When the prisoners arrive at Dachau concentration camp, Isaac is unexpectedly pulled from the crowd and installed in the nearby household of Senior Officer Becher and his young, pretty, spoiled wife. With his talent for watchmaking, Isaac can be of use to Becher, but he knows his life is only worth something here as long as Becher needs his skills.

Anna Reznick waits table and washes linens for the Bechers, who dine and socialise and carry on as if they don’t constantly have death all around them. When she meets Isaac she knows she’s found a true friend, and maybe more. But Dachau is a dangerous place where you can never take love for granted, and when Isaac discovers a heartbreaking secret hidden in the depths of Becher’s workshop, it will put Anna and Issac in terrible danger…

A gorgeously emotional and tear-jerking read set during World War Two. Perfect for fans of The Tattooist of AuschwitzWe Were the Lucky Ones and The Alice Network.

My thoughts:

Although I regularly read historical fiction novels set during the era of World War 2, I have always avoided the stories set in the death camps. However, because I enjoyed Carly’s previous book, I decided to read this one.

As you would expect there is a lot of heartbreak and tragedy in this book. The camp leader, Becher, is using Anna and Isaac as ‘slave labour’ to help run his home more efficiently, which leads to his young son, Friedrich meeting both of them and questioning the Nazi propaganda against the Jewish people.

We discover how Anna and Isaac ended up in Dachau camp, and the stories of their family and friends too. The story is mostly set towards the end of the war, as the Allied troops are heading across mainland Europe, to try to rescue the people who have been imprisoned by the Nazi regime. Isaac and Anna try to help each other, and their roommates to survive the hunger and the punishments.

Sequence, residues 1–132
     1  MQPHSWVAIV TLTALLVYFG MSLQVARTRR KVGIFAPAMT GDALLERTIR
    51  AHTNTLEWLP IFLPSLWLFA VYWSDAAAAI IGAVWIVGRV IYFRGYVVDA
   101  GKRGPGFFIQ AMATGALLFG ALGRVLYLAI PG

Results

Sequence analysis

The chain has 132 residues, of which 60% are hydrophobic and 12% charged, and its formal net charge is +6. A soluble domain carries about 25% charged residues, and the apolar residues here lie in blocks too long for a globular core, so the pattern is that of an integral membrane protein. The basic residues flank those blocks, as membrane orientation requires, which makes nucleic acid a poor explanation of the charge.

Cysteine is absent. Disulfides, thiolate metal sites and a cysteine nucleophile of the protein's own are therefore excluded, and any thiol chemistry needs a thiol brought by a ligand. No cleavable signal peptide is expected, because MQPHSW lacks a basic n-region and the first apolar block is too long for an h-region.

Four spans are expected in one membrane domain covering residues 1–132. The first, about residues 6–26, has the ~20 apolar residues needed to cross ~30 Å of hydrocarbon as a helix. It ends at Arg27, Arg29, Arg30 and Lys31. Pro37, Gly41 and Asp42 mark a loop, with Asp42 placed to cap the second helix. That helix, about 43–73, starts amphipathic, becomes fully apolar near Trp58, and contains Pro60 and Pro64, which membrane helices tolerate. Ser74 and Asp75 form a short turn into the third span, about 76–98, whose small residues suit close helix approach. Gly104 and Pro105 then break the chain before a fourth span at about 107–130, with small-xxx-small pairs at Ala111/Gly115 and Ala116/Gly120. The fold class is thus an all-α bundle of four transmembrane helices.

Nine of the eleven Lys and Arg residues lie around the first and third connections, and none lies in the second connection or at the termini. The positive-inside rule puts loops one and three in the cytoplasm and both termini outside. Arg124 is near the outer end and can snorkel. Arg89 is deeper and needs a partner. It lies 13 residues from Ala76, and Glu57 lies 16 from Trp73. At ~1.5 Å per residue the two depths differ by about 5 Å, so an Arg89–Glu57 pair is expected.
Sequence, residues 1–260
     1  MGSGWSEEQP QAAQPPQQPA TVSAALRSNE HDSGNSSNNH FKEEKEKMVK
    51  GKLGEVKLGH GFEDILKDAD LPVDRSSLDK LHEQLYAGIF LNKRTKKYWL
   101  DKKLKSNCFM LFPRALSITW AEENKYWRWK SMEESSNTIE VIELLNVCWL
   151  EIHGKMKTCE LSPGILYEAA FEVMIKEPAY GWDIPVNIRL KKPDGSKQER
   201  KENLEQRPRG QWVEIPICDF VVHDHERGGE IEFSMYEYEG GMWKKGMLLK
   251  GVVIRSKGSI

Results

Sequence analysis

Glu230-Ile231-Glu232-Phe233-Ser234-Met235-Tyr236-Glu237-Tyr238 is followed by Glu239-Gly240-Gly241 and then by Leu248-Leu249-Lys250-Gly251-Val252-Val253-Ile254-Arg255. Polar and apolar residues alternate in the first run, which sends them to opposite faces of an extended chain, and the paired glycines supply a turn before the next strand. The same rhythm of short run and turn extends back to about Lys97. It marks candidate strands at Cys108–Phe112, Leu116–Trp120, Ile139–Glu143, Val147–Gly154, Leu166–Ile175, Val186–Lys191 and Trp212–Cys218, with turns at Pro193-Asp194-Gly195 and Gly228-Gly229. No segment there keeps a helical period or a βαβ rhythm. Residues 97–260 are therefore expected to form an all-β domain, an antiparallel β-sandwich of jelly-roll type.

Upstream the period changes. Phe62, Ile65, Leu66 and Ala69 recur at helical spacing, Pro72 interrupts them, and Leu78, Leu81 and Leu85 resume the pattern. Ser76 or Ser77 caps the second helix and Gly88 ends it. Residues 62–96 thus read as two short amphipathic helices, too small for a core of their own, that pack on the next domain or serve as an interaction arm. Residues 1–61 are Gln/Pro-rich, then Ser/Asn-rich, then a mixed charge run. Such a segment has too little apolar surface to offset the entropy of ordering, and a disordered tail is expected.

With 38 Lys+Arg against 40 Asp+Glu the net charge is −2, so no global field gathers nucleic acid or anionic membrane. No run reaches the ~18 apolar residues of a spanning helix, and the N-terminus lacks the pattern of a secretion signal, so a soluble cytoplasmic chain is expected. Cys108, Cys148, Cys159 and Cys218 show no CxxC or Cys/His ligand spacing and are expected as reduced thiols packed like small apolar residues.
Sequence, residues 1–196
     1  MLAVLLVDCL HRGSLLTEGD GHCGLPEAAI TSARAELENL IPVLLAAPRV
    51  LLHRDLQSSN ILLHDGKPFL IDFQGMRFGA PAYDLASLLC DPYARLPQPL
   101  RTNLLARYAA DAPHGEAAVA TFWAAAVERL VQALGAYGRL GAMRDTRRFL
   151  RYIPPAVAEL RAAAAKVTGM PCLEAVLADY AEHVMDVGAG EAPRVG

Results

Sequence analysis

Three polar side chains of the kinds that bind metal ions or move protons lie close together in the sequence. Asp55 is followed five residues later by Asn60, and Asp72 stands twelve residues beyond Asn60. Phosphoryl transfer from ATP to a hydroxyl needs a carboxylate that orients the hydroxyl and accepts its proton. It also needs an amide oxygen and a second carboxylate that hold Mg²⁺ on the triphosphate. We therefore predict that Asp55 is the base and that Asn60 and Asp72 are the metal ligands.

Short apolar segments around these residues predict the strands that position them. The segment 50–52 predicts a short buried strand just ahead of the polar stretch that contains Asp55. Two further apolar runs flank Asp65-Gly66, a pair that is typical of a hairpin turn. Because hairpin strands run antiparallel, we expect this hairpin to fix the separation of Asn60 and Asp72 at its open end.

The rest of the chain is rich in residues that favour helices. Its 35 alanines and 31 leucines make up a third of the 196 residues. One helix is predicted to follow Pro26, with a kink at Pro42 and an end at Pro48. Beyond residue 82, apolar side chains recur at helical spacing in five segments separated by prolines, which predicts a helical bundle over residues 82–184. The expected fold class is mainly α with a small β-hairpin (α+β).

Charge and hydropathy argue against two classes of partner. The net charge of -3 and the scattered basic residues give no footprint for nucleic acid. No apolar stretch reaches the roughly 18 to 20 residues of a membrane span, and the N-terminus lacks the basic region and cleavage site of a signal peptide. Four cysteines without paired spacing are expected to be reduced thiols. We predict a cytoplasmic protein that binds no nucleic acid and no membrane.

Carly’s storytelling swept me into the past, on a very emotional journey. Quickly the characters became important and I didn’t want to put my Kindle down. I stayed up late reading this, a sign of a good book. The ending was a mixture of happy and sad.

This is a non spoiler review, so I’m not going to give any of the twists in the tale away. It was sadly all too believable, that something like this could have happened. Isaac and Anna’s story will stay with me for a long time. I’m happy to recommend this book.

Author Bio:

Carly Schabowski worked as a journalist in both North Cyprus and Australia before returning to Oxford, where she studied for an MA and then a PhD in creative writing at Oxford Brookes University. Carly now teaches at Oxford Brookes University as an associate lecturer in Creative Writing for first and second-year English literature students.

Buy Links:





Until We’re Fish by Susannah R Drissi

Today I’m pleased to be sharing my thoughts about Until We’re Fish by Susannah R Drissi as part of the blog tour organised by Anne Cater of Random Things Tours and Propertius Press. Thank you to Susannah for a signed copy of the book, sent from California. My thoughts are my own and not influenced by the gift.


A man can be destroyed but never defeated.

Stunning and elegiac, Susannah Rodríguez Drissi’s debut novel Until We’re Fish juxtaposes vivid landscapes, brilliant, playful meditations on life, and penetrating insights into the human heart, to richly bring to life the story of rapscallion dreamer Elio, a Cuban teen whose unbridled confidence is severely tested after a near-fatal shark attack.

Elio longs for freedom from the dreary home he shares with his mother. He spends his days and nights fantasizing about an American bike and Maria, his vivacious next-door neighbor. Two obstacles stand in his way: the 1959 Cuban Revolution and Maria’s dream of moving to Chicago. Yet Elio is steadfast in believing that somehow, some way he will get both the girl and the Schwinn. When an injury leaves him terrified of the sea, he’s faced with an impossible choice: to overcome his fear and do whatever it takes to realize his vision, or to stay safe, and risk losing everything he’s been living for.